The fatal attraction of government is that it allows busybodies to impose decisions on others without paying any price themselves. That enables them to act as if there were no price, even when there are ruinous prices â€” paid by others.
As I wouldn’t want to be called “Eurocentric” or anything like that, I’d like to wish you all a slightly belated Happy Holi as well as Ä’ostre. Got to keep up with the multicultural ethic, after all.
And Happy Holi As Well
OK, OK! All sarcasm aside, I just plain forgot that yesterday was technically Holi. My wives and I actually celebrate this Hindu holiday but, like many such things in the States, when the holiday falls on a weekday the big celebrations and ceremonies are normally held on the nearest weekend. Hence, Sunday we’ll be having fun and getting colorful at this year’s Rangwali Holi.
Pranav Bhide of ad the agency Taproot has created a series of pictures depicting the Hindu Goddesses: Lakshmi (à¤²à¤•à¥à¤·à¥à¤®à¥€), Saraswati (à¤¸à¤°à¤¸à¥à¤µà¤¤à¥€), and Durga (à¤¦à¥à¤°à¥à¤—à¤¾) as victims of domestic violence to benefit Save Our Sisters, an recent anti-domestic violence initiative of Save The Children India which focuses on prevention and repatriation of sexually trafficked women and children in India.
Lakshmi, Saraswati, and Durga – Abused Goddesses
Each of the three ads is accompanied by the same text:
Pray that we never see this day. Today more than 68% of women in India are victims of domestic violence. Tomorrow it seems like no woman shall be spared. Not even the ones we pray too.
Taproot’s campaign was created by blending traditional hand-painted Indian art with modern-day photography using real models and has won multiple awards at different ad festivals.
If you’re Pagan, these ads will be eye-catching and a bit disturbing. For Hindu’s their blatantly shocking. Lakshmi who Hindus once beseeched on bended knee for good fortune now sits sad-eyed on a lotus with a bloodied nose. Saraswatiâ€™s infinite wisdom and knowledge were no defense against a black-eye. Durga, who once danced upon the demon (Asura) Mahishasuraâ€™s corpse now stands bruised, battered and teary-eyed, begging for our protection.
The images of Lakshmi and Saraswati are directly analogous to depicting the Blessed Mother Mary as beaten and bloodied. The image of Durga is a bit different because Durga is a Goddess of War and the defender of Heaven (Svarga). Showing Her as beaten and cowed is an implication that Heaven itself has been beaten and conquered by the growing violence against women in India.
That’s, however, a somewhat problematically mixed message. It may shock and shame men, which was its intent, but it also undermines the Indian women’s religious images of feminine authority by reducing three of their major goddesses to victims and stripping them of their awesome and often perilous divine power.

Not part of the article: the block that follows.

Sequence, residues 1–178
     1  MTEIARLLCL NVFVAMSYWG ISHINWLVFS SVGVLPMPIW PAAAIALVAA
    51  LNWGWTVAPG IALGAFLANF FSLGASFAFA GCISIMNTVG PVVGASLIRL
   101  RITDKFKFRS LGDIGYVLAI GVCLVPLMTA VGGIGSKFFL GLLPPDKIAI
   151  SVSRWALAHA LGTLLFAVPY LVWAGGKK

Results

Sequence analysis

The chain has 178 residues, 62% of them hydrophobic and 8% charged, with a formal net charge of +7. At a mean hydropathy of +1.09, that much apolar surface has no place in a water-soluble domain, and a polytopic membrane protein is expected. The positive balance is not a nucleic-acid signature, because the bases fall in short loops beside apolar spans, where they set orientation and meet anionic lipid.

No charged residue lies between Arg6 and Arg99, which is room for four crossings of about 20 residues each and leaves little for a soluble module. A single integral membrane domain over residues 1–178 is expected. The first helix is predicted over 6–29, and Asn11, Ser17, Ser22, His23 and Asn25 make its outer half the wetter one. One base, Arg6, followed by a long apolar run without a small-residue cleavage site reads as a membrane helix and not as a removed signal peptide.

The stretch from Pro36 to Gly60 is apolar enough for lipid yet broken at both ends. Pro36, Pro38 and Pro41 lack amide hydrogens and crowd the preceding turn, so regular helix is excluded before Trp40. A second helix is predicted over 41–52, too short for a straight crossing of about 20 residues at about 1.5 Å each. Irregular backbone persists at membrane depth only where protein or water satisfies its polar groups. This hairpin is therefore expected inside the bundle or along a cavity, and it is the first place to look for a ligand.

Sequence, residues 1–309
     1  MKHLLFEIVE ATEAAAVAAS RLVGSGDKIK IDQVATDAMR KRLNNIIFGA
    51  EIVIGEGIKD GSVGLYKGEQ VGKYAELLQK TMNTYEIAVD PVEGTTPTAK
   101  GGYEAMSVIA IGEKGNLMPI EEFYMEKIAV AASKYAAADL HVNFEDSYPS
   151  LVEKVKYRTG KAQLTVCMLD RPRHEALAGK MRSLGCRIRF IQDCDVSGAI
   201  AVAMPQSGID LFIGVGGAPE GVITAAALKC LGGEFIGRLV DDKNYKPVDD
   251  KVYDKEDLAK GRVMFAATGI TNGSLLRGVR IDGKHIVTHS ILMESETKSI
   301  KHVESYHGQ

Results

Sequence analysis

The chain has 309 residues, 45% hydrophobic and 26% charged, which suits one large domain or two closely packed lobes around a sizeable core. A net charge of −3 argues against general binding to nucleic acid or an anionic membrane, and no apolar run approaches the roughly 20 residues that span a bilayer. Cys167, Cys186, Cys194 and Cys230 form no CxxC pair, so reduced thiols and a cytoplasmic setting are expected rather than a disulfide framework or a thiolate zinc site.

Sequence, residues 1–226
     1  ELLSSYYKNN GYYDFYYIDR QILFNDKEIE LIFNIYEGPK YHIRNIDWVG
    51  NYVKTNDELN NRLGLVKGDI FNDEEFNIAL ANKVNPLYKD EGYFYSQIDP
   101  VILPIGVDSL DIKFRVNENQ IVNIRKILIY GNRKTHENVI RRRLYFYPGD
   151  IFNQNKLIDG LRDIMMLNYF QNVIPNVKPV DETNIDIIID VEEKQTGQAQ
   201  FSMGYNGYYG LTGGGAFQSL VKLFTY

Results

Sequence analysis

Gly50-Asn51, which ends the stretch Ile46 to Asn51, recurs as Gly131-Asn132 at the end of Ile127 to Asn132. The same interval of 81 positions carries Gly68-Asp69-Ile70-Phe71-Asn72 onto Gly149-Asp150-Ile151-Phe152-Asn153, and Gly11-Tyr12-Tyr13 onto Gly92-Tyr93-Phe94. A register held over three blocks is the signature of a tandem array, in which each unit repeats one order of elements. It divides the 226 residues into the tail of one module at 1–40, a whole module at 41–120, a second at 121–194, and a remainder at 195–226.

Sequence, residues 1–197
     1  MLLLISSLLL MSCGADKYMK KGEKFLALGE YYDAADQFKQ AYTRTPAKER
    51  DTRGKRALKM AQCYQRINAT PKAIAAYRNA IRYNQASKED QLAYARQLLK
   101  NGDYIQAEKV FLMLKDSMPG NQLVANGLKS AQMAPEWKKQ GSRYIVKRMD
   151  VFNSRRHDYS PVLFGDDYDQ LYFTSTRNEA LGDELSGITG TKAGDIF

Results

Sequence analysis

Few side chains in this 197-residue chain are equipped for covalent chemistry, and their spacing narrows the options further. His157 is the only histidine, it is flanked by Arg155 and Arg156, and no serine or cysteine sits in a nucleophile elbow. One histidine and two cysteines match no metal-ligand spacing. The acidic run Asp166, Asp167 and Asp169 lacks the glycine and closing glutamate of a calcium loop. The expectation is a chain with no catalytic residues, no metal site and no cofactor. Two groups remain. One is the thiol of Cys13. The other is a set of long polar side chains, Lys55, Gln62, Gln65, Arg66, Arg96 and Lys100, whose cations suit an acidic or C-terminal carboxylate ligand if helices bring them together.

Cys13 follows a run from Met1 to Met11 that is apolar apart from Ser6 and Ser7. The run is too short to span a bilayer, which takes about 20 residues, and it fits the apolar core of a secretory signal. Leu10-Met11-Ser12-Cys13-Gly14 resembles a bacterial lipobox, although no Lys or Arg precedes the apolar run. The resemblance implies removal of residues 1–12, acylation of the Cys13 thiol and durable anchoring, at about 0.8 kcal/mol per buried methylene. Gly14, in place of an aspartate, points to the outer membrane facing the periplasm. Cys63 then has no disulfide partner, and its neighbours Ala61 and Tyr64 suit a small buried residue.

This may also be an indicator of how far the sad and shameful “domestication” of the Hindu Gods and Goddesses has gone in Post-Colonial India.
In Indian schools the now they tell children that when Shiva killed his wife Parvarti’s son, Ganesha she cried. They blatantly ignore that she also made ready to destroy the entire universe in her grief and rage and relented only when Shiva agreed to resurrect her son and make him a God.
At least Taproot was wise enough no to attempt to depict the Samrajni Kali Ma (à¤•à¤¾à¤³à¥€) as a victim of any form of violence, especially domestic violence.
It would be foolish to attempt to paint Kali as some form of abused Bhartiya Naari (“Traditional Indian Woman”). Nobody would believe or countenance that Kali, who sprung from Durga’s forehead and was made by Her rage and frustration at not being able to defeat the demon general Raktabija and his army could ever be a victim.
Of course, a follow-up campaign showing the possible repercussions of domestic violence against women in India featuring the Samrajni Kali Ma might be a powerful message…
Somewhat more than a year ago An Italian company that makes Internet-based games, Molleindustria, release a web-based flash game named Faith Fighter. Of the course of time the game, which depicts religious figures and deities fighting each other, was played by millions of players on the Internet.
As could be fully expected, any game that portrayed God, Jesus, Buddha, Ganesha, Budai, and Muhammad beating the holy crap out of each other generated a certain amount of ire and complaint among the various religious communities. This was no surprise to Molleindustria or anyone who had played the game. It was also of little concern to Molleindustria or anyone who had played the game since freedom of speech and expression is guaranteed in the Civilized World.
Then the Islamists of the Organization of The Islamic Conference (OIC) got wind of Faith Fighter. Very quickly they issued strong complaints and demanded that the Internet service providers who are hosting the game to take immediate action by withdrawing it from the web. Molleindustria was essentially forced, under threat of loosing their hosting at the very least, to remove Faith Fighter from their site.
Fortunately for all people, despite the efforts of the OIC to end freedom through their white-collar jihad, there are many copies of the game still available. I have one of them here for your enjoyment:
As I’ve posted before, I will fight the Islamists’ white collar jihad with my voice, my vote, and – if needs be and the Devil will out – my attorneys. If they want to take it beyond that, I have developed a fondness in recent times for the M24A3 chambered for .338 Lapua Magnum – much more punch than my old .300 Win Mag and lighter and very much more accurate than my old, but still loved to this day, M82A1 – which should solve for most “problems” within 1200m or so.